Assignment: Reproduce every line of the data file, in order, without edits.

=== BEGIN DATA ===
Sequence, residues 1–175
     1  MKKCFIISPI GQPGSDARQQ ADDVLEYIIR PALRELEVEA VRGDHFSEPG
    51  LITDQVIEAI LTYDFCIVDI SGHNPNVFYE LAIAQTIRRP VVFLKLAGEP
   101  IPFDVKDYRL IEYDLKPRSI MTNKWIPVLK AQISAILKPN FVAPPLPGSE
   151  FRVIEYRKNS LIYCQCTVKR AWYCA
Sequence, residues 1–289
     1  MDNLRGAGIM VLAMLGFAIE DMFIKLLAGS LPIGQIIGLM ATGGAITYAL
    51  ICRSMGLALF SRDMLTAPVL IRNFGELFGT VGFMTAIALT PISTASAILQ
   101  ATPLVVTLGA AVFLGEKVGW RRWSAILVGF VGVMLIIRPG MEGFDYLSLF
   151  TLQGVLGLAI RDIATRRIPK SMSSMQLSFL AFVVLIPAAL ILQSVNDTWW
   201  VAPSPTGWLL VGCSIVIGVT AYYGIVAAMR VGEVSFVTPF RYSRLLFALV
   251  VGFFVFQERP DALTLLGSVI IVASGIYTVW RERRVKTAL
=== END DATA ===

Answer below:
Sequence, residues 1–175
     1  MKKCFIISPI GQPGSDARQQ ADDVLEYIIR PALRELEVEA VRGDHFSEPG
    51  LITDQVIEAI LTYDFCIVDI SGHNPNVFYE LAIAQTIRRP VVFLKLAGEP
   101  IPFDVKDYRL IEYDLKPRSI MTNKWIPVLK AQISAILKPN FVAPPLPGSE
   151  FRVIEYRKNS LIYCQCTVKR AWYCA
Sequence, residues 1–289
     1  MDNLRGAGIM VLAMLGFAIE DMFIKLLAGS LPIGQIIGLM ATGGAITYAL
    51  ICRSMGLALF SRDMLTAPVL IRNFGELFGT VGFMTAIALT PISTASAILQ
   101  ATPLVVTLGA AVFLGEKVGW RRWSAILVGF VGVMLIIRPG MEGFDYLSLF
   151  TLQGVLGLAI RDIATRRIPK SMSSMQLSFL AFVVLIPAAL ILQSVNDTWW
   201  VAPSPTGWLL VGCSIVIGVT AYYGIVAAMR VGEVSFVTPF RYSRLLFALV
   251  VGFFVFQERP DALTLLGSVI IVASGIYTVW RERRVKTAL